Lemons + Varietals

Lemons_Varietals final

Lemon + Varietals

Lemon; To wake from sunlight tantalizing your cheek

It’s hard to write about an ingredient I’ve never tasted before. Being I don’t live in Italy. Or a stone skip away from the nearest place growing this particular range of fruit. But I am determined to go on because I did my best to taste without tasting. One day (I do imagine), but for now, I am happy with my research. And I shall be ready when I stumble upon the great lemon from my dreams! But for what I do tastefully know; the New York corner stand lemon. Sharp, not sweet, juicy, a rind mostly plain, but then a bit of a hairy aftertaste. This plump sponge is what I’ve been squeezing and candying in far too many recipes without thinking about the fruit doing so much of the work. It wasn’t until a great unveiling of tomatoes and their distinctive varieties this summer, that I thought there must be more to many ingredients I thought to know. Like the lemon. And it came to mind first because it’s natural quality of, addictiveness? It’s that cleansing tang. It’s perfect for helping a chewy, salty and oily fish slide through the mouth. It’s perfect when grated into the dough of a morning cookie. For some reason, lemon, feels, renewing. I really love lemon, and what I have learnt from tasting tomatoes of different terroirs this summer, I think, I could love lemons even more, knowing more. So, I’ve conducted a study of lemons. A lot of reading lead me here. And I’ve made a small list of lemons to remember and to always seek when spotting yellow.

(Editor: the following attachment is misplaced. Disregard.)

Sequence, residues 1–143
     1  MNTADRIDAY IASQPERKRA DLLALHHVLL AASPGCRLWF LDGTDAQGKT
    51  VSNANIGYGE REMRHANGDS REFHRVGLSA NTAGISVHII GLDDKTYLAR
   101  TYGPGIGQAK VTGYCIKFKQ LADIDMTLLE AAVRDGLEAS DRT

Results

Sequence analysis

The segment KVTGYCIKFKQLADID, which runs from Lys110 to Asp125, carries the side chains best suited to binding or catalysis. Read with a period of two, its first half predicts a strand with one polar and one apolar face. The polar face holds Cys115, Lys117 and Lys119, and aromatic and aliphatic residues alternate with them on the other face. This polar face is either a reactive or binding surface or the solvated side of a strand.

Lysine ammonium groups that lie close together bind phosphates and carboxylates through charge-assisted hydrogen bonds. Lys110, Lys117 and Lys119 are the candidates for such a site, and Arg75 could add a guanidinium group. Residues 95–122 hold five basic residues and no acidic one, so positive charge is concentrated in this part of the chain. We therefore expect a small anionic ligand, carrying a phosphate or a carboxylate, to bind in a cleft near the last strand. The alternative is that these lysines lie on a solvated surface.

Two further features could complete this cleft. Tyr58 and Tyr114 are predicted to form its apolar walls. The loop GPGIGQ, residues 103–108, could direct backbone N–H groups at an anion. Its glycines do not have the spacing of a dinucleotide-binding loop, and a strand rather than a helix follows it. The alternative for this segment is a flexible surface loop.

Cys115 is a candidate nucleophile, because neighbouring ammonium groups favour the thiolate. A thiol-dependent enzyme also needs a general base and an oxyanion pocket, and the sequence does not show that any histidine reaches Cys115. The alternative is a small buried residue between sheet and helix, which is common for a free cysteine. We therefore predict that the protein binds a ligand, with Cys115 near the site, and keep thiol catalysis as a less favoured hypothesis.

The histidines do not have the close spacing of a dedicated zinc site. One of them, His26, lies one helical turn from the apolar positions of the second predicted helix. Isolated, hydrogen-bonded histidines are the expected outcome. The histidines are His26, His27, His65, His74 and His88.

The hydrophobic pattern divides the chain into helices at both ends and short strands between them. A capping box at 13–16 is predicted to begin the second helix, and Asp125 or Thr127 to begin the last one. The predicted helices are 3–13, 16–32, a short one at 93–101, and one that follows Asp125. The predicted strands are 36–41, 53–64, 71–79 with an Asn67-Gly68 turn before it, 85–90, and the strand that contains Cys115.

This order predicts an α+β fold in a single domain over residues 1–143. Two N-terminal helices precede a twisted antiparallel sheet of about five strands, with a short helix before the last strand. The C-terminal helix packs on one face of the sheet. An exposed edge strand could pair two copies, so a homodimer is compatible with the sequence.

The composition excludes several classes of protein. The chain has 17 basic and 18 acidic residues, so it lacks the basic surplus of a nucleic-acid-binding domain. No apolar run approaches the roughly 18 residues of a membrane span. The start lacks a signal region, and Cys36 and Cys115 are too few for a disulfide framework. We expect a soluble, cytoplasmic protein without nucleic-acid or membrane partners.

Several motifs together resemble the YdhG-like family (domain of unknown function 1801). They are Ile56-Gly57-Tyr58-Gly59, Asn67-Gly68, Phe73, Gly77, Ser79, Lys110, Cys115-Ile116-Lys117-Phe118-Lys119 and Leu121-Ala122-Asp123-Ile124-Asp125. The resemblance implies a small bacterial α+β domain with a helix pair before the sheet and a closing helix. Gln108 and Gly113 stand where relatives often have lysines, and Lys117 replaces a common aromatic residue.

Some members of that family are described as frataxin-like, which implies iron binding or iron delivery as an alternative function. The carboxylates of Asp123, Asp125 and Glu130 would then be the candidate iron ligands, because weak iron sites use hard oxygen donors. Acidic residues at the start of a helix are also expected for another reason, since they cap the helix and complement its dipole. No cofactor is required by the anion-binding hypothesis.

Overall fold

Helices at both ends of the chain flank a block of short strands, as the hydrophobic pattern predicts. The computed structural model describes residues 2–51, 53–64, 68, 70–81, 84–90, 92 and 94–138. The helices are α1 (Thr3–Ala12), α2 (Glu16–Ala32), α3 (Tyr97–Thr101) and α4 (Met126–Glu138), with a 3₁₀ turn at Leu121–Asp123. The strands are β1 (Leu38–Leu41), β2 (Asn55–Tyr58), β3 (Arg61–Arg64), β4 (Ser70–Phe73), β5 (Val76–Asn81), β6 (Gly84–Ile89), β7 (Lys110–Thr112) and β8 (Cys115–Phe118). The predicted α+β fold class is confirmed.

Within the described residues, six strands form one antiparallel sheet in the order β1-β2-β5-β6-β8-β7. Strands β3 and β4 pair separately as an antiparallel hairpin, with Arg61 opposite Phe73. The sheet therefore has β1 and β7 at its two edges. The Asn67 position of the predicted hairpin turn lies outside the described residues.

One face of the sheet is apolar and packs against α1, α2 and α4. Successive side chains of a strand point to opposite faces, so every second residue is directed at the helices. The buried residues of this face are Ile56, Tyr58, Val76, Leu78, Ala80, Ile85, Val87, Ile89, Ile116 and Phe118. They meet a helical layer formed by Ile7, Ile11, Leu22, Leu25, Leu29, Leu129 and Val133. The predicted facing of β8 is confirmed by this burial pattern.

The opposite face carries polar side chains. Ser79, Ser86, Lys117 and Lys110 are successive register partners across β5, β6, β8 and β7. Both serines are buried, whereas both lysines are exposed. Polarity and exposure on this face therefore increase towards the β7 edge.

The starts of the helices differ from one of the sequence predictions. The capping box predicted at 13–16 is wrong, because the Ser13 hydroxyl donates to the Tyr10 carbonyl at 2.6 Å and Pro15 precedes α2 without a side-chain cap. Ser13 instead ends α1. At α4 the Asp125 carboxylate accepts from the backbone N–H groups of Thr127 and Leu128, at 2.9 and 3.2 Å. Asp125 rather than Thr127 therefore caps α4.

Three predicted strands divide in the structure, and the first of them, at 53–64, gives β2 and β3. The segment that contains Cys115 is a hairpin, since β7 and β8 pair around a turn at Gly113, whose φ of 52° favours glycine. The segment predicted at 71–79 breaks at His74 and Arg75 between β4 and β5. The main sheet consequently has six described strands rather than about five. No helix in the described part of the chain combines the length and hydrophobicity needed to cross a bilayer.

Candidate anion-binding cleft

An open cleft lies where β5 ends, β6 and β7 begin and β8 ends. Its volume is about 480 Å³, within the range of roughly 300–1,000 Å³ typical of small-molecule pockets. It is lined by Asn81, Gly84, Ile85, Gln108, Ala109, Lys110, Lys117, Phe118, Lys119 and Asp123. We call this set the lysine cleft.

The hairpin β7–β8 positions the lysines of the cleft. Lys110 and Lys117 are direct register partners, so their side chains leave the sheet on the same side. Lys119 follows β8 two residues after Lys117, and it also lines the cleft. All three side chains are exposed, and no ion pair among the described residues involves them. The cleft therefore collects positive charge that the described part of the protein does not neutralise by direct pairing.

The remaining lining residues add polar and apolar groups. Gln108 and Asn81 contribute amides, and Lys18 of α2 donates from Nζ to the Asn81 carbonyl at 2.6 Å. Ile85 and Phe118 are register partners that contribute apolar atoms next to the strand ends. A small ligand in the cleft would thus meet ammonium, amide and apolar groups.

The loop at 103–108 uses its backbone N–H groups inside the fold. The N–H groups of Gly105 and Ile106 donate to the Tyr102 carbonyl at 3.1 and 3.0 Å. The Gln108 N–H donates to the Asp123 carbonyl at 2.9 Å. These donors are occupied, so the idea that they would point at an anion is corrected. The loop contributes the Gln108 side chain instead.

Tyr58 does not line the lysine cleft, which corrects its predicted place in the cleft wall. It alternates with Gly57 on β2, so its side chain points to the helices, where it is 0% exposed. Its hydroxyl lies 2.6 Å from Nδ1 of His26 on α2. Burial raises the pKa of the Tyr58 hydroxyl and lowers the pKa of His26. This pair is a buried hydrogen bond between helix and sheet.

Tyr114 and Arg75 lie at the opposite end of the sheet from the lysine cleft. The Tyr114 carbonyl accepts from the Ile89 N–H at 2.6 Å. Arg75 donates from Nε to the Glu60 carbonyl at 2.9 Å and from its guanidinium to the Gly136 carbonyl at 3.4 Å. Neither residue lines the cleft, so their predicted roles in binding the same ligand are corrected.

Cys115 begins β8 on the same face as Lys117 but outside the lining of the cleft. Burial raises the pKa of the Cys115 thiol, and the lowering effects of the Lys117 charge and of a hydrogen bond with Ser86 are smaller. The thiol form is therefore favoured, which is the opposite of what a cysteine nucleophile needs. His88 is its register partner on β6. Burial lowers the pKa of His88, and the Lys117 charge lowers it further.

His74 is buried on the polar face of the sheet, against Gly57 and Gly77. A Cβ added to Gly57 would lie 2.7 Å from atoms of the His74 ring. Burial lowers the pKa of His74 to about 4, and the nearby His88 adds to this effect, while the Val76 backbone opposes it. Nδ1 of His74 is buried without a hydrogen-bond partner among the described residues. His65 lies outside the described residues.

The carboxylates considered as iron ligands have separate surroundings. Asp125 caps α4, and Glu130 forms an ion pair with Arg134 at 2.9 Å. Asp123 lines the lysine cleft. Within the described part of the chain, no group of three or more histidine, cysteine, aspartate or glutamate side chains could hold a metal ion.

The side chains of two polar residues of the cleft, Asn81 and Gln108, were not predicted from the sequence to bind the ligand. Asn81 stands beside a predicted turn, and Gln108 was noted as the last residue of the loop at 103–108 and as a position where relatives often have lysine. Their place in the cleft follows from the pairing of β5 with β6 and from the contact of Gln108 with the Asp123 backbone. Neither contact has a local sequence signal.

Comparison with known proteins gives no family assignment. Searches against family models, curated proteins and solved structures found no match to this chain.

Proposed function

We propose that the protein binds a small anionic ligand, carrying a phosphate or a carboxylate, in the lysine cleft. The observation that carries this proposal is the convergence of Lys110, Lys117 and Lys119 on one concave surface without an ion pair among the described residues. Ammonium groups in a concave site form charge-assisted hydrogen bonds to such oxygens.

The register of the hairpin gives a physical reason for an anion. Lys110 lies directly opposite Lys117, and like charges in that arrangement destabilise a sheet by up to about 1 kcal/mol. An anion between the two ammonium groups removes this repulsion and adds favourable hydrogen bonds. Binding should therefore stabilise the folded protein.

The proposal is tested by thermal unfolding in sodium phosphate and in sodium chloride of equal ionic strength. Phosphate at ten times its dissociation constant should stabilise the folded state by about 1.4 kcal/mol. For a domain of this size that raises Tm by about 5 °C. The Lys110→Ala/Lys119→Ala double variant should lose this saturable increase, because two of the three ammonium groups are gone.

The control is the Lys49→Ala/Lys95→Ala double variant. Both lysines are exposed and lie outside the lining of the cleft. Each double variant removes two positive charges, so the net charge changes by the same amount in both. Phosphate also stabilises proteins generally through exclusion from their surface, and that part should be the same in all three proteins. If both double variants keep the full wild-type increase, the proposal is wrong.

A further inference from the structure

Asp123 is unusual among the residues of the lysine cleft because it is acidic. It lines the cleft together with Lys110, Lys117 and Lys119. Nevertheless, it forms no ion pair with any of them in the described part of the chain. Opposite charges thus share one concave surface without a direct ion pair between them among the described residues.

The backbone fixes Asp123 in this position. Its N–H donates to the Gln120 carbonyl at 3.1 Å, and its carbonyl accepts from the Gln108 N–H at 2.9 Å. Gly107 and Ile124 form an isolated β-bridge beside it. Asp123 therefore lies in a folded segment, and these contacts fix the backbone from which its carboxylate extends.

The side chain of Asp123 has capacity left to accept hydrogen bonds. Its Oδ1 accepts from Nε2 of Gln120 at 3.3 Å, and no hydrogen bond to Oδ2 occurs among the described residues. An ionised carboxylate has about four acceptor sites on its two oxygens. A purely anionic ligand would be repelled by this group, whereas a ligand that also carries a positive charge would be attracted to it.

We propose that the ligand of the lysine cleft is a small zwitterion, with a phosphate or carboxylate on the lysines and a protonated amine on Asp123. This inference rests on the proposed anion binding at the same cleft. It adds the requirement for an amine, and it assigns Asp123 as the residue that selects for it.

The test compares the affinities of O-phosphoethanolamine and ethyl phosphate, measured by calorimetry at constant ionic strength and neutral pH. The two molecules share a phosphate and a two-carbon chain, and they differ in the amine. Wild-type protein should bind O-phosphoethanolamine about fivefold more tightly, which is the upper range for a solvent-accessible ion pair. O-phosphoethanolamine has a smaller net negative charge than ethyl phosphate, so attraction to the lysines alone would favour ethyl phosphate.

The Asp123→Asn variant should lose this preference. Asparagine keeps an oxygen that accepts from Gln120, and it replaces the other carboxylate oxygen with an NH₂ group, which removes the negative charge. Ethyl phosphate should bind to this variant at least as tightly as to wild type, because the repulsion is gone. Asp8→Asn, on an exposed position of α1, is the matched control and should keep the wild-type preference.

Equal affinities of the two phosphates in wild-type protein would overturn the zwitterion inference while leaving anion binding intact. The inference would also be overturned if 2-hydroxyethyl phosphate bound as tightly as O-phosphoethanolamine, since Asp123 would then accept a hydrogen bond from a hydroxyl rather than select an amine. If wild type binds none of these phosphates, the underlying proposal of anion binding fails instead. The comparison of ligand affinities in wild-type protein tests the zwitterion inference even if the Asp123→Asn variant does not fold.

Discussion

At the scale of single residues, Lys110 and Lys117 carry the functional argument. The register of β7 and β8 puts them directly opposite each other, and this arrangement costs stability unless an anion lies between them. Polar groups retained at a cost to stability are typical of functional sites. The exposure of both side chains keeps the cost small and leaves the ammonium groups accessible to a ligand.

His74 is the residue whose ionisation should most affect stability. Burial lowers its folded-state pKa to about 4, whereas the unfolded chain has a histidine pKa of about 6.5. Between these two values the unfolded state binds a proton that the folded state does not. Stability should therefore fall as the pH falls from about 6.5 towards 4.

Femminello: the most popular variety grown in Italy is read to be much like our New York corner stand lemon. Albeit perhaps a bit sweeter. One day will have to try. This is the A.P. of lemons. It can do it all, but certainly, quite right for  squeezing onto a lunch of pasta, anchovy and fried breadcrumbs.

Verdelli: green skin and starved! Yet not sickly at all. Well, perhaps maybe the poor lemon tree felt so until an infiltration of water did finally come about. One to two months later. This stress and relief, induces an unconventional bloom. That will ready to be plucked from the tree the following summer, when the supply is lowest and the demand is high. With it’s mark from the starve, Verdelli lemons are to be like regular lemons just with green skin. It’s hard to say much more than that until it’s sliced and squeezed!

Ponderosa: pondered to be a cross between a lemon and citron. As its size might tell, it looks like a citron, but a cross section will show it to look like a lemon. Sour, and then a flowery after taste. Lovely. Sounds delicate, and cleansing, as it might make one’s lips pucker. This is a very juicy lemon with a fairly substantial pith as well, right for marmalade-ing.

Citrus Limetta: Limoo Shirin in Iran or Bergamot in France, this lemon looks like the sun as the day sets, and many of us begin to wind down. It has a thin yet, protective coat, bearing inside cells ready to burst with a sweet and tasting juice. Freshly squeezed, a glass be along with breakfast. Perhaps breaking out a bag of papadum crackers, speckled with cumin and salt. Or the Italian variety, pane carasau (sheet music), with a bit of rosemary and salt perhaps a few fennel seeds too. A morning to sing too.

Meyer: Petite and sweet. Grown in California and quite fairly readily available even here in New York. Thought to originally come from China it’s considered to be a cross between a lemon and a mandarin orange. I can chase this one down next! Making lemon desserts with likely, less sugar, since there’s no need to balance the acidity. A win-win indeed!